The Lowercase w

Post info:

Place a vSphere Host into Maintenance Mode via PowerCLI

So, we had two different vSphere hosts, in two different environments, have hardware faults this week.  One had a bad memory module, and the other a bad FAN.  As I launched the VI client for each environment and placed the problem host into maintenance mode, I started to think… “I bet I can automate this!”

Depending on how complex your environment, you may or may not find this useful.  For me, I have 6 different production vCenter servers, one QA vCenter and a LAB vCenter.  Keeping all 8 Thick Clients open on my laptop can really kill the resources and I constantly get logged out of the web clients if I’m not clicking around.  BUT I always leave my PowerCLI window open and can connect  to the vCenter I need, quicker than launching the VI Client, typing in the name of the vCenter I want to connect to, selecting the Use Windows Session Credentials Check-box and clicking LOGIN.

Since I run my PowerCLI window with the same credentials as I use to login to each vCenter, I don’t have to pass credentials or have it prompt me.  I just use the command below:

connect-viserver vCENTER

Now, if you already have the thick/web client open, it’s probably faster to just right click on the host and enter maintenance mode.  However, if you’re not yet connected to vCenter, using a script may be easier.  Also, if the part repair isn’t going to be done until after hours, you can schedule the script to run later.  Especially, if you’re not going to be online and are going to allow an on-site/NOC technician to handle it.  You’ll probably want to add a command to shutdown the host also.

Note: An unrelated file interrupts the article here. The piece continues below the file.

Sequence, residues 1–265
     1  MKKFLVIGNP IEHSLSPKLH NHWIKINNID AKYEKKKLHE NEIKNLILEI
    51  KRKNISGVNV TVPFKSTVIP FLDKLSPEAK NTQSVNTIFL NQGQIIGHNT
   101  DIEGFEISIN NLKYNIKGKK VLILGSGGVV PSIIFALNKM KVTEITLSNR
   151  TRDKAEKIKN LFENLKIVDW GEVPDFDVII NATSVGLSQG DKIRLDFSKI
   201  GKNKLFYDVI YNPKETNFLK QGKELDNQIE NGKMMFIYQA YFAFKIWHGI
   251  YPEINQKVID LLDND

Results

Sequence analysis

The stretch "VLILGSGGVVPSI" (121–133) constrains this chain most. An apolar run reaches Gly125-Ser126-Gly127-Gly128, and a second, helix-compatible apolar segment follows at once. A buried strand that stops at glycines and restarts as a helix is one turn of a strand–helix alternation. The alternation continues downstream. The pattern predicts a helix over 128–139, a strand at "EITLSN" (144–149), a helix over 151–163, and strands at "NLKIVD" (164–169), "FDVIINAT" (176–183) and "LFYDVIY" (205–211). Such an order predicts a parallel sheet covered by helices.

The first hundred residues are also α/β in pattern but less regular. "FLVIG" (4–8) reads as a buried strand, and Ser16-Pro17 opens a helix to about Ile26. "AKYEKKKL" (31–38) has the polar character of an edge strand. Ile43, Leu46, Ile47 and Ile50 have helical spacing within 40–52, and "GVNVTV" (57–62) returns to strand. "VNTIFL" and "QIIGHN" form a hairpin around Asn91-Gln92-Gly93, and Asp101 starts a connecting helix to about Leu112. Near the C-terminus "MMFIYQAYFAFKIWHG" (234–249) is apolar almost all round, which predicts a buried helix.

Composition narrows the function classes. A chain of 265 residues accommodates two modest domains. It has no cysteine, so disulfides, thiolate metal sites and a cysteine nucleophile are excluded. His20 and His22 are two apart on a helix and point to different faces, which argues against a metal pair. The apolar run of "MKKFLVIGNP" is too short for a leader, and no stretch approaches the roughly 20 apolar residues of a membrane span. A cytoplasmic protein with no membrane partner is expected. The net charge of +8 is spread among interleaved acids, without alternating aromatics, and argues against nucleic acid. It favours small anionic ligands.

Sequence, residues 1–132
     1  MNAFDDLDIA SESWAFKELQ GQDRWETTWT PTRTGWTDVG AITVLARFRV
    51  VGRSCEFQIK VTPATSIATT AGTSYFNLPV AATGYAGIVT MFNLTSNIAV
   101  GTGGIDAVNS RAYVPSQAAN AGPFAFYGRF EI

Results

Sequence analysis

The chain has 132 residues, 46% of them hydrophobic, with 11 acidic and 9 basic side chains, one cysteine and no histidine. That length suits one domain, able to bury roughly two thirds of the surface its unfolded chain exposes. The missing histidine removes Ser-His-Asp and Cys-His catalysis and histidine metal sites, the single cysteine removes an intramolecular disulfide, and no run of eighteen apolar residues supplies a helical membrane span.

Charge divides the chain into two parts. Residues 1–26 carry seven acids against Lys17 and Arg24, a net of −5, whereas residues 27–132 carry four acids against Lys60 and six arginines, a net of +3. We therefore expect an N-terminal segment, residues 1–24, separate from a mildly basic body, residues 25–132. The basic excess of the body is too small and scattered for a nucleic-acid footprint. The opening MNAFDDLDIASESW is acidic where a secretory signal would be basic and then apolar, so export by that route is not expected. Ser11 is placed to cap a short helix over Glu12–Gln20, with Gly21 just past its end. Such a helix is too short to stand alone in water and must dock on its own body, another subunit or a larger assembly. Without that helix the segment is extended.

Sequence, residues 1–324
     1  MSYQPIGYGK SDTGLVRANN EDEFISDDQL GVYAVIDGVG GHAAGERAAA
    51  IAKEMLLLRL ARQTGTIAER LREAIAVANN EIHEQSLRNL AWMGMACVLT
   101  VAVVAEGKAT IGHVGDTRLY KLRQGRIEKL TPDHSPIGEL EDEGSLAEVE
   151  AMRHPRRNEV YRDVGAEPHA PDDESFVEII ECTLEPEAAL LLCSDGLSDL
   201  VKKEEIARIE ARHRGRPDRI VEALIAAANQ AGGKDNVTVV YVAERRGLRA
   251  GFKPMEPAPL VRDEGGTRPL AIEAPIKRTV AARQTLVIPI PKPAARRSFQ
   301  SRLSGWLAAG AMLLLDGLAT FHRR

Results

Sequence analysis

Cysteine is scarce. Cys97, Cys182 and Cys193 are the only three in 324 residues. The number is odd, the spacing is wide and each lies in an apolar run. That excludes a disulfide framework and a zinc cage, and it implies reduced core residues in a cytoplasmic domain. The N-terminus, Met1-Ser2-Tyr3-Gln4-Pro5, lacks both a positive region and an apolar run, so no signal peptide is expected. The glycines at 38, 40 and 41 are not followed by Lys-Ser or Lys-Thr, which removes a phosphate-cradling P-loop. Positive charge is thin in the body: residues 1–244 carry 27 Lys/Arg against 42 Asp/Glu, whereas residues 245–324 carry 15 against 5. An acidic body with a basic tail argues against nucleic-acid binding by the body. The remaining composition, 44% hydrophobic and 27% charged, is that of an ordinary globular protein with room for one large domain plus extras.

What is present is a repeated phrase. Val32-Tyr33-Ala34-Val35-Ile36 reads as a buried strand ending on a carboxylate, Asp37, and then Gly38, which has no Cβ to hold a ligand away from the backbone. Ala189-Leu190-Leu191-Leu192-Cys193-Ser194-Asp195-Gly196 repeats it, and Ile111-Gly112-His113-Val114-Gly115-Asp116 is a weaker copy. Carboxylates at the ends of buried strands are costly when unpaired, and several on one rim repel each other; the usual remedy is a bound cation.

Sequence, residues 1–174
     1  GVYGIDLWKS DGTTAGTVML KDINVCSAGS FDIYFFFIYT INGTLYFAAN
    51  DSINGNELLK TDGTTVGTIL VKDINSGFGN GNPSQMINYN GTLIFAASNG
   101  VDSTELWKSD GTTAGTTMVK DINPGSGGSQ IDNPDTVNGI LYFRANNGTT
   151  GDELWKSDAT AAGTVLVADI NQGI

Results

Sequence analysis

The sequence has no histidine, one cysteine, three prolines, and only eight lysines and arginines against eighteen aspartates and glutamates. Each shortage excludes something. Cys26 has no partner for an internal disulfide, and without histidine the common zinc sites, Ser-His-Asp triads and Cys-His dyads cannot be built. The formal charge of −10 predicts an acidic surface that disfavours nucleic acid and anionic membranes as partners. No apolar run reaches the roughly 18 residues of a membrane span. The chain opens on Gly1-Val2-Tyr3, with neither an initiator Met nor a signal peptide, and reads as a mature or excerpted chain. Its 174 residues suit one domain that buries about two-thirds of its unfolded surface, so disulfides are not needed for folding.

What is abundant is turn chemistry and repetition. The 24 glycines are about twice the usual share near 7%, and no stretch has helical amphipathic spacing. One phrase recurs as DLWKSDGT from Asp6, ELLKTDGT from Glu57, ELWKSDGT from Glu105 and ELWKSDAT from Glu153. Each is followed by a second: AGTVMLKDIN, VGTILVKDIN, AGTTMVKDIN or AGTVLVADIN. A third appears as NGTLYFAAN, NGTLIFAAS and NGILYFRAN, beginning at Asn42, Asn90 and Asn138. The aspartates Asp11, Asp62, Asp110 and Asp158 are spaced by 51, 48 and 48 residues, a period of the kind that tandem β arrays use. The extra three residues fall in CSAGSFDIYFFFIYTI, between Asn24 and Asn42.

# Place the selected host into Maintenance Mode.
Get-VMHost -Name PROBLEM_HOST | set-vmhost -State Maintenance

# Shutdown the host
Stop-VMhost -VMhost PROBLEM_HOST -Confirm:$false

After I ran that command, I started to think about how I can expand on that and decided to have the script list out the hosts and let me choose the host from the list.  I also added a note how to remove that host from Maintenance Mode when I was ready, so I could just copy/paste that back into my PowerCLI window…  I left the shutdown command out of the script below as I don’t always want to shutdown the host right away, but if you want to put it in, feel free!


###########################################
#
# PowerCLI Script to place host into Maintenance Mode
# Created by BLiebowitz on 11/2/2015
#
###########################################

# Choose which host to place into maintenance mode (you MUST connect to vCenter first)
Write-host "Choose which vSphere host to place into Maintenance Mode."
write-host ""
$IHOST = Get-VMhost | Select Name | Sort-object Name
$i = 1
$IHOST | %{Write-Host $i":" $_.Name; $i++}
$DSHost = Read-host "Enter the number for the host to place into Maintenance Mode."
$SHOST = $IHOST[$DSHost -1].Name
write-host "You have selected" $SHOST"."

# Place Selected host into Maintenance Mode

Get-VMHost -Name $SHOST | set-vmhost -State Maintenance

# Display Note how to exit the host from Maintenance Mode.
write-host ""
write-host "To exit Maintenance Mode, Copy/Paste and run the line below:"
write-host "get-vmhost -name $SHOST | set-vmhost -state Connected"

Hope you can find this script as useful!

Thanks!

Ben Liebowitz, VCP, vExpert
NJ VMUG Leader

Share This:

Leave a Reply

Your email address will not be published. Required fields are marked *

This site uses Akismet to reduce spam. Learn how your comment data is processed.